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ELLE Decoration UK

HISTORY OF A BRAND LOUIS POULSEN

Though its history dates back to 1874, when it was founded as a wine importer by Ludvig R Poulsen, one could argue that Louis Poulsen’s true story as one of the world’s most influential lighting companies began in 1924. That year, an amateur Danish architect named Poul Henningsen (below) approached Louis Poulsen & Co – by then known as a purveyor of electrical goods – with an idea for a light he wanted to present at the Paris Exposition Internationale des Arts Decoratifs et Industriels Modernes. The design came with a set of three shades, which concealed the lightbulb and gave off direct and indirect light that was warm and flattering. The concept won the Paris Exposition 1925 gold medal, and the very next year, together with Louis Poulsen, Henningsen was tasked with lighting the Forum Building in Copenhagen, where the first ‘PH’ pendant lights were debuted to much critical success. That same year, Louis Poulsen published its first lighting catalogue.

By 1958, Henningsen had produced two more breakthrough designs: the 72-leaved ‘PH Artichoke’ pendant for Copenhagen’s Langelinie Pavillonen restaurant and the ‘PH 5’, which included an additional shade for uplighting. Both Henningsen and Louis Poulsen had become household names, so much so that when architect Arne Jacobsen was tasked with designing the SAS Royal Hotel in Copenhagen in 1960, he turned to the company to manufacture his designs for the ‘AJ’ table (above), wall and floor lamps and the ‘AJ Royal’ pendant, all intrinsic parts of his ‘Gesamtwerk’ (total work) philosophy, which saw him design not only the hotel, but every detail of its interiors. The list of illustrious names Louis Poulsen has worked with since is a who’s-who of the world’s design scene: Verner Panton, Foster + Partners, GamFratesi, Clara Von Zweigbergk, Oki Sato of Nendo and many, many more.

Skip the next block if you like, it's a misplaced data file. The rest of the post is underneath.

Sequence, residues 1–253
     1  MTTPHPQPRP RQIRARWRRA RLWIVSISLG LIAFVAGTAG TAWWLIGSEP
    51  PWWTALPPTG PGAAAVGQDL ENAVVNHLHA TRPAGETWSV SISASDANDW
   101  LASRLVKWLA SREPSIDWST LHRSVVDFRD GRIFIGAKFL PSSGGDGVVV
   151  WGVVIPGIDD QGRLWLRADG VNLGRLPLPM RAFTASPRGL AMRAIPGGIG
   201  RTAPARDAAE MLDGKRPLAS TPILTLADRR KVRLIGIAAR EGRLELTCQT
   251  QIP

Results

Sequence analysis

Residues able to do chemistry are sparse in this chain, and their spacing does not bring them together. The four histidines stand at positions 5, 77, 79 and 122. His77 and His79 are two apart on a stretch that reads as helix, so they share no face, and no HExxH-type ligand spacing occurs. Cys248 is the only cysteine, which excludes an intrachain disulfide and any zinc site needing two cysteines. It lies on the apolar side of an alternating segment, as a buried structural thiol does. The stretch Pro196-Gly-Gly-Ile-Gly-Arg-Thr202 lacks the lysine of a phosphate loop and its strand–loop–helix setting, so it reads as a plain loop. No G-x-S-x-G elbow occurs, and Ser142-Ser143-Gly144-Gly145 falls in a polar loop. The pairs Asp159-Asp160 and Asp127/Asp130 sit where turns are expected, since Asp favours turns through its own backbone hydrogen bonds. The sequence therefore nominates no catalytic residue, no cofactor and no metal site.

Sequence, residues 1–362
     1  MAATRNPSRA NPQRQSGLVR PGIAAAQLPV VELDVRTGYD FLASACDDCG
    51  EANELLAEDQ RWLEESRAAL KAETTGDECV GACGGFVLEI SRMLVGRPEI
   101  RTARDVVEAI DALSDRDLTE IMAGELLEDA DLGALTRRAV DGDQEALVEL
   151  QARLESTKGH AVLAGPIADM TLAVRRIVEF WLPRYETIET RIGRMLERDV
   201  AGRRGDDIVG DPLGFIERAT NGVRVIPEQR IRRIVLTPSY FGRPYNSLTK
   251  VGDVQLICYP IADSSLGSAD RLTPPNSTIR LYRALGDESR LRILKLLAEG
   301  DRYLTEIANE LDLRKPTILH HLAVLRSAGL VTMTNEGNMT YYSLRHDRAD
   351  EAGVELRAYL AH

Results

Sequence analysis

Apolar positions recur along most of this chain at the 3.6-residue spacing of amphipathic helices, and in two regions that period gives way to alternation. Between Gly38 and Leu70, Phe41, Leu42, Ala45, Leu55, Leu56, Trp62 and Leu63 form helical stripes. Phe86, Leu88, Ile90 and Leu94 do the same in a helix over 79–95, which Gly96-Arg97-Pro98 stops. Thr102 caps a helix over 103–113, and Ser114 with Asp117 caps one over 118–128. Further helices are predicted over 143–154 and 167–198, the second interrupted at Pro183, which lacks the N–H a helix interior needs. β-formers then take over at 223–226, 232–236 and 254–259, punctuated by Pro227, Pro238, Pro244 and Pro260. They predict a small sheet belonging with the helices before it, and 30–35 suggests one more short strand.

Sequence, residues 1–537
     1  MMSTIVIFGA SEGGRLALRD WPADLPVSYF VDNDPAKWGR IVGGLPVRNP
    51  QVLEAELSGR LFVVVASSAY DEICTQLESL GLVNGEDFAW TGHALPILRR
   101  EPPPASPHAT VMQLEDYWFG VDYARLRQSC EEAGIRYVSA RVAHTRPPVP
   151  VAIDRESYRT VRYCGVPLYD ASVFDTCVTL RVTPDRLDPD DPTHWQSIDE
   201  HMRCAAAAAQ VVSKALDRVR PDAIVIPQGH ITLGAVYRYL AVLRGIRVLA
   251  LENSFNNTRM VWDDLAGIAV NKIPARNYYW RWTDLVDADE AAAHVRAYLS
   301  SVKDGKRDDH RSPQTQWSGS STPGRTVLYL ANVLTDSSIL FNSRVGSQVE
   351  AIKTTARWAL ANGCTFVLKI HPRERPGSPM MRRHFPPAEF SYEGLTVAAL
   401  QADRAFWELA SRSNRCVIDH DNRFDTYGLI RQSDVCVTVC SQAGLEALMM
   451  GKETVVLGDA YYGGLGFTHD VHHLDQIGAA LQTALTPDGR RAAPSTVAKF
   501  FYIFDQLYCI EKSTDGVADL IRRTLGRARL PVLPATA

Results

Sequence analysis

(WORDS: ELIZA HONEY PICTURE: WETOUCH IMAGEWORK)

In 2011, Louis Poulsen became the first lighting manufacturer to win the American Institute of Architects award for ‘Collaborative Achievement’ – and for good reason. The brand constantly updates its designs: whether it’s making the ‘AJ’ wall lights using LEDs for outdoor use, or releasing six new, cheerful colours for the ‘PH 5’ on its 60th anniversary this year. And this doesn’t just apply to the classics: Swedish designer Clara Von Zweigbergk’s bright ‘Cirque’ pendant lights from 2016 were recently re-released in a palette of greys. Perhaps Henningsen’s greatest legacy to Louis Poulsen was the never-ending quest for lighting perfection. louispoulsen.com

THE EDIT FIVE DESIGNS TO KNOW

‘PH Artichoke’ pendant light designed by Poul Henningsen in 1958, £6,200
‘Cirque’ pendant light by Clara Von Zweigbergk, updated in a new grey palette, £220
‘Doo-Wop’ pendant light, developed in the 1950s, from £310
‘Panthella Mini’ table lamp, an updated version of Verner Panton’s 1971 design, £470
‘PH 5 Mini’ pendant light by Poul Henningsen in fresh colours, £444
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